One of the most depressing things to have emerged from the racism scandal that has threatened to overshadow large parts of the Premier League season is the loyalty blindness that has affected large amounts of fans throughout the league.
The boos that rained down on Patrice Evra and Anton Ferdinand were a signal that all is not well in the minds of a significant minority of so called football supporters. To boo a victim or alleged victim of racism is disgusting enough but to then claim that it is justified along tribal lines is frankly appalling behavior.
If what has happened over the last few weeks would have unfolded in any other country, let us say Russia or Spain for argument’s sake, our media and fans of football in this country would have been swift and damning in their criticism of it. However, it appears to be all too easy for people to put the football goggles on and descend into some sort of twisted moral logic that even the most dastardly politician would have trouble replicating.
Take for example the booing of Patrice Evra at Anfield. Here we are faced with a large number of people abusing a person who has been found, through an independent tribunal, to have been the victim of racist abuse from a fellow professional. Yet a significant amount of Liverpool fans felt that it was acceptable to boo Evra because he played for a rival team and his evidence had seen one of the Kop’s favourites banned.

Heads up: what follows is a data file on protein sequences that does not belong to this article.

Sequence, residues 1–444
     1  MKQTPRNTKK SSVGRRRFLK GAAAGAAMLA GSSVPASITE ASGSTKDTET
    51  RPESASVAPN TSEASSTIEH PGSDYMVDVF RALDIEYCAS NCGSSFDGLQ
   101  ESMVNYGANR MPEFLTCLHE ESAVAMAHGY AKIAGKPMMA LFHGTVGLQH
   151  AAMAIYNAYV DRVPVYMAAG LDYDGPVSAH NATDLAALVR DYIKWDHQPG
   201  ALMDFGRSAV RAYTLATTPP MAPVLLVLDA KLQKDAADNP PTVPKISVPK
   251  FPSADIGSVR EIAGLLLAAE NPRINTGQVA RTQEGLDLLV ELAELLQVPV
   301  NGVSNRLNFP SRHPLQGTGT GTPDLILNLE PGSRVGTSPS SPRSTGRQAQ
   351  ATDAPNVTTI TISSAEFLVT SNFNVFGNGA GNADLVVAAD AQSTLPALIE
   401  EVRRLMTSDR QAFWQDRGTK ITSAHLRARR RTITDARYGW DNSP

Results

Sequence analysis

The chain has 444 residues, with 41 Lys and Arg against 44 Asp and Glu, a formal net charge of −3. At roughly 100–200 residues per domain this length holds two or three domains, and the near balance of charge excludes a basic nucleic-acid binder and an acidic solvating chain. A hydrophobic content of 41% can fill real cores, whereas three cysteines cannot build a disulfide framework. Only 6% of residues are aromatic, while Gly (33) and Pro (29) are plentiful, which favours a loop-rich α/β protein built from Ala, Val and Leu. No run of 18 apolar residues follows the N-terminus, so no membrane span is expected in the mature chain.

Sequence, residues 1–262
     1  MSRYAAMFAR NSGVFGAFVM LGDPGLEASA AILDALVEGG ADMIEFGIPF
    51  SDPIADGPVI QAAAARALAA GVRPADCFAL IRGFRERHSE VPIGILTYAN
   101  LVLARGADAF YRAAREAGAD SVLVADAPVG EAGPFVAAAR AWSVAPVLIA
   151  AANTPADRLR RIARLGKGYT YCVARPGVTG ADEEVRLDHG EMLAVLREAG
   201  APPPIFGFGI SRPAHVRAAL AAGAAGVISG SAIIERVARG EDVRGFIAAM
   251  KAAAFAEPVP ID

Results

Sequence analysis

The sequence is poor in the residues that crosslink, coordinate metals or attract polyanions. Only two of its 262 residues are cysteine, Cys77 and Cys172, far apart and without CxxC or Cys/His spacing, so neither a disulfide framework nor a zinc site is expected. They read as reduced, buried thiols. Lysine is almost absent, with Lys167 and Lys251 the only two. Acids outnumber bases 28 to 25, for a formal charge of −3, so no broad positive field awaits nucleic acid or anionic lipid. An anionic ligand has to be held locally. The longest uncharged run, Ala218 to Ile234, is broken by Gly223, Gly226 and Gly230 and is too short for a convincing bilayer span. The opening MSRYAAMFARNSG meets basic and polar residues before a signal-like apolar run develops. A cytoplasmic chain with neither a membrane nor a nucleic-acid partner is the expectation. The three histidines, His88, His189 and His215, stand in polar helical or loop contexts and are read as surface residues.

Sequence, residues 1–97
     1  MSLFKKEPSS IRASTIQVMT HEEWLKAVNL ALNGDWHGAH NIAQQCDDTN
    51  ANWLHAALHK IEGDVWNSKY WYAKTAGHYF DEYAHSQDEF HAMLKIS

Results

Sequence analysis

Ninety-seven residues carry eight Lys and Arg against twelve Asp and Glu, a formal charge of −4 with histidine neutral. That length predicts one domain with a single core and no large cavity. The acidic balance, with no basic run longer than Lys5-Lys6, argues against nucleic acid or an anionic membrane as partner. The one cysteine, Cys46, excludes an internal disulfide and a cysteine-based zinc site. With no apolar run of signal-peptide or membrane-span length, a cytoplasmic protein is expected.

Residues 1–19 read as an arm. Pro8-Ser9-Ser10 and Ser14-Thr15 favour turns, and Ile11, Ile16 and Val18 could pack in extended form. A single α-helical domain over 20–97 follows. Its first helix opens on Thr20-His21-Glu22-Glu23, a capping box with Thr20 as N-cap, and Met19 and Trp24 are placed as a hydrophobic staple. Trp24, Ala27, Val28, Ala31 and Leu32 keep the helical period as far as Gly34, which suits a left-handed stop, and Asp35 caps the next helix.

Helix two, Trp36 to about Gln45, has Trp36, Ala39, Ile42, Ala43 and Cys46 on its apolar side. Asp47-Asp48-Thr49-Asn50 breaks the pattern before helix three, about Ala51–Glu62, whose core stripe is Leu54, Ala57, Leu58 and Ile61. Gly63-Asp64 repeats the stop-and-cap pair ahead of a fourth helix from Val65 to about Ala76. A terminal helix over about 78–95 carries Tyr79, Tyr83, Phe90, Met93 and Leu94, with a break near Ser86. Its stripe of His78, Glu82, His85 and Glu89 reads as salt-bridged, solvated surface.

This is not just a criticism aimed at Liverpool fans. There are fans at all clubs that embarrass the right thinking majority. Chelsea fans booing Rio Ferdinand and any number of clubs who sang the now infamous Adebayor chant over the last few years are just a couple of examples. Unfortunately there are plenty more out there.
Football is an emotive subject for many and showing undying love for their team is something that comes naturally to so many and this passion is a large part of what makes football and the Premier League in particular such a joy to follow. But passion and loyalty can never be used as an excuse for behaviour that in any other walk of life would be viewed with the utmost disdain.
“It is only a game” may sound like the kind of phrase your mum would say after another demoralising defeat as a child but at times like this, it is the most important thing to remember. If we lose sight of this fact then football will have lost its place in life. The role of sport is self defined – the oldest definition of the word in English is “anything humans find amusing or entertaining”. If we have reached the point where booing a victim of abuse is entertaining is seen as a form of entertainment then we all need to take a good long look at ourselves.